# How can I calculate the median of values in SQLite?

I'd like to calculate the median value in a numeric row. How can I do that in SQLite 4?

Let's say that the median is the element in the middle of an ordered list.

SQLite (4 or 3) does not have any built-in function for that, but it's possible to do this by hand:

``````SELECT x
FROM MyTable
ORDER BY x
LIMIT 1
OFFSET (SELECT COUNT(*)
FROM MyTable) / 2
``````

When there is an even number of records, it is common to define the median as the average of the two middle records. In this case, the average can be computed like this:

``````SELECT AVG(x)
FROM (SELECT x
FROM MyTable
ORDER BY x
LIMIT 2
OFFSET (SELECT (COUNT(*) - 1) / 2
FROM MyTable))
``````

Combining the odd and even cases then results in this:

``````SELECT AVG(x)
FROM (SELECT x
FROM MyTable
ORDER BY x
LIMIT 2 - (SELECT COUNT(*) FROM MyTable) % 2    -- odd 1, even 2
OFFSET (SELECT (COUNT(*) - 1) / 2
FROM MyTable))
``````
• This is a nice solution, but it seems to be difficult to use it if you want to calculate the median of a "group by" result instead of the whole table. Consider "select grp, min(val), median(val), max(val) from table group by grp". – Matthias Wuttke Apr 25 '14 at 7:21
• @Acer - I see that you are correct. In this case I don't have an elegant, single statement solution without database support for MEDIAN. What comes to mind is this: 1) Create a table using the group by clause and SELECT INTO (call this table "G"), in sorted form, and add an AUTOINCREMENT column (call it column "i"). 2) Create a query that calculates the (max(G.i)+min(G.i))/2.0 for each group (call this column 'x'). 3) Using the Pick table, select entries from G where ABS(G.i-Pick.x)<1 . If you take the average from that last table, you'll have your answer for each group. Not pretty. – David Foster Jan 31 '16 at 3:25
• Seems like you could do the same using a view instead of an actual table – james Apr 17 '18 at 1:35

There is an extension pack of various math functions for sqlite3. It includes group functions like median.

It will be more work getting this going than CL's answer, but might be worthwhile if you think you will need any of the other functions.

(Here is the guide for how to compile and load SQLite extensions.)

From description:

Provide mathematical and string extension functions for SQL queries using the loadable extensions mechanism. Math: acos, asin, atan, atn2, atan2, acosh, asinh, atanh, difference, degrees, radians, cos, sin, tan, cot, cosh, sinh, tanh, coth, exp, log, log10, power, sign, sqrt, square, ceil, floor, pi. String: replicate, charindex, leftstr, rightstr, ltrim, rtrim, trim, replace, reverse, proper, padl, padr, padc, strfilter. Aggregate: stdev, variance, mode, median, lower_quartile, upper_quartile.

# UPDATE 2015-04-12: Fixing "undefined symbol: sinh"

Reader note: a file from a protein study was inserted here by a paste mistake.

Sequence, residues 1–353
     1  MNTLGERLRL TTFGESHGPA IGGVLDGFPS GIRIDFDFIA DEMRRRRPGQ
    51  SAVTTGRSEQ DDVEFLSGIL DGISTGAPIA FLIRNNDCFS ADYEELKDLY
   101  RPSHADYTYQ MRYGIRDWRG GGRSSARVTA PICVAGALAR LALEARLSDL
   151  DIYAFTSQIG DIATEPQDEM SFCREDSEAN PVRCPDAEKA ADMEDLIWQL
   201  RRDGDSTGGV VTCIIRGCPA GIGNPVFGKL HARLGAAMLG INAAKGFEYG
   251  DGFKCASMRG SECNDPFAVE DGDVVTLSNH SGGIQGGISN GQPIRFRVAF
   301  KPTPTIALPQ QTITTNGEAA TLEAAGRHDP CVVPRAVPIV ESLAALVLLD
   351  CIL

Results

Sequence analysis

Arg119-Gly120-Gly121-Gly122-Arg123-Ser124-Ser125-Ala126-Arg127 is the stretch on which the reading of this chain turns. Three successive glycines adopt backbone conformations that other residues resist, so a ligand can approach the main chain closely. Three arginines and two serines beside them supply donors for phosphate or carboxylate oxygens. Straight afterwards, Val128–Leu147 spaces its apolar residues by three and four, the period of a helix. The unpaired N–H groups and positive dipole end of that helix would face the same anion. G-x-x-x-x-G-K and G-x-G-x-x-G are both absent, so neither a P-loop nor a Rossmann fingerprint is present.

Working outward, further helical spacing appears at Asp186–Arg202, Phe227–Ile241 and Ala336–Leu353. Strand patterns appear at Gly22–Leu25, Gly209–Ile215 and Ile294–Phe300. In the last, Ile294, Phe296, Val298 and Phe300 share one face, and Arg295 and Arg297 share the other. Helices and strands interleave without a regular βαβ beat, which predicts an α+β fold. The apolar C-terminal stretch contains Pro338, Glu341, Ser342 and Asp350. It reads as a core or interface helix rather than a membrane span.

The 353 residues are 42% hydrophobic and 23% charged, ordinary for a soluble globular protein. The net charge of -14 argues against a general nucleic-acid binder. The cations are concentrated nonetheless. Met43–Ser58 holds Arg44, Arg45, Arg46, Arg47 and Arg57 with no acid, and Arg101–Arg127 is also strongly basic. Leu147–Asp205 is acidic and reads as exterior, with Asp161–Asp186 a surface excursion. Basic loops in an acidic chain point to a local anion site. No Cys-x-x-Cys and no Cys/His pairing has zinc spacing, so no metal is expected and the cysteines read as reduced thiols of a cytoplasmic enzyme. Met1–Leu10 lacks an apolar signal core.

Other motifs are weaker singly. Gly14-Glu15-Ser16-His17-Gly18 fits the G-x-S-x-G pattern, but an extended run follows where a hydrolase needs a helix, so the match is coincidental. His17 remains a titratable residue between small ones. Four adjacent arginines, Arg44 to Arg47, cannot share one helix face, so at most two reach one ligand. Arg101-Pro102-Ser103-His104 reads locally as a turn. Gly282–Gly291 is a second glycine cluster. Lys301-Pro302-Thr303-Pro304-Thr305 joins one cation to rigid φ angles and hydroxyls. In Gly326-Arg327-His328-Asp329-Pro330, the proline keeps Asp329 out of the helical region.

As has been mentioned in comments, this extension may not work properly despite a successful compile.

For example, compiling may work and on Linux you might copy the resulting .so file to `/usr/local/lib`. But `.load /usr/local/lib/libsqlitefunctions` from the `sqlite3` shell may then generate this error:

``````Error: /usr/local/lib/libsqlitefunctions.so: undefined symbol: sinh
``````

Compiling it this way seems to work:

``````gcc -fPIC -shared extension-functions.c -o libsqlitefunctions.so -lm
``````

And copying the `.so` file to `/usr/local/lib` shows no similar error:

``````sqlite> .load /usr/local/lib/libsqlitefunctions

sqlite> select cos(pi()/4.0);
---> 0.707106781186548
``````

I'm not sure why the order of options to gcc matters in this particular case, but apparently it does.

Credit for noticing this goes to Ludvick Lidicky's comment on this blog post

• Any idea how to install this? The file itself doesn't help much. – jameshfisher Dec 15 '14 at 12:28
• @jameshfisher Try asking about it in another question, here's a head start. Out of curiosity, I tried compiling the extensions tonight. Following the instructions included in the C comments at the top of the file was simple enough (you did read the file and found those, right?) but there are some bugs. It compiles with gcc on Ubuntu 14.04 LTS, with prerequisite "libsqlite3-dev", resulting in a shared lib "libsqlitefunctions.so" . The same Ubuntu's sqlite3 tries to load it when given the command SELECT load_extension('./libsqlitefunctions') but throws an error "undefined symbol: sinh". – Paul Dec 17 '14 at 6:50
• This was way easier to set up than I had expected. Way to go! – Daniel Buckmaster Mar 15 '16 at 2:46
• This link (github.com/yajirobee/environment/blob/master/common/…) gives a compiled so file. It works! – HackNone Oct 12 '16 at 8:44
• Anyone here got this extension running on windows, or a compiled version they can share? I'm having troubles getting it to load... – Kassym Dorsel Sep 10 '18 at 22:11

There is a log table with timestamp, label, and latency. We want to see the latency median value of each label, grouped by timestamp. Format all latency value to 15 char length with leading zeroes, concatenate it, and cut half positioned value(s).. there is the median.

``````select L, --V,
case when C % 2 = 0 then
( substr( V, ( C - 1 ) * 15 + 1, 15) * 1 + substr( V, C * 15 + 1, 15) * 1 ) / 2
else
substr( V, C * 15 + 1, 15) * 1
end as MEDST
from (
select L, group_concat(ST, "") as V, count(ST) / 2 as C
from (
select label as L,
substr( timeStamp, 1, 8) * 1 as T,
printf( '%015d',latency) as ST
from log
where label not like '%-%' and responseMessage = 'OK'
order by L, T, ST ) as XX
group by L
) as YY
``````

The SELECT AVG(x) returns just the year of date values formatted as YYYY-MM-DD, so I tweaked CL's solution just slightly to accommodate dates:

``````SELECT DATE(JULIANDAY(MIN(MyDate)) + (JULIANDAY(MAX(MyDate)) - JULIANDAY(MIN(MyDate)))/2) as Median_Date
FROM (
SELECT MyDate
FROM MyTable
ORDER BY MyDate
LIMIT 2 - ((SELECT COUNT(*) FROM MyTable) % 2) -- odd 1, even 2
OFFSET (SELECT (COUNT(*) - 1) / 2 FROM MyTable)
);
``````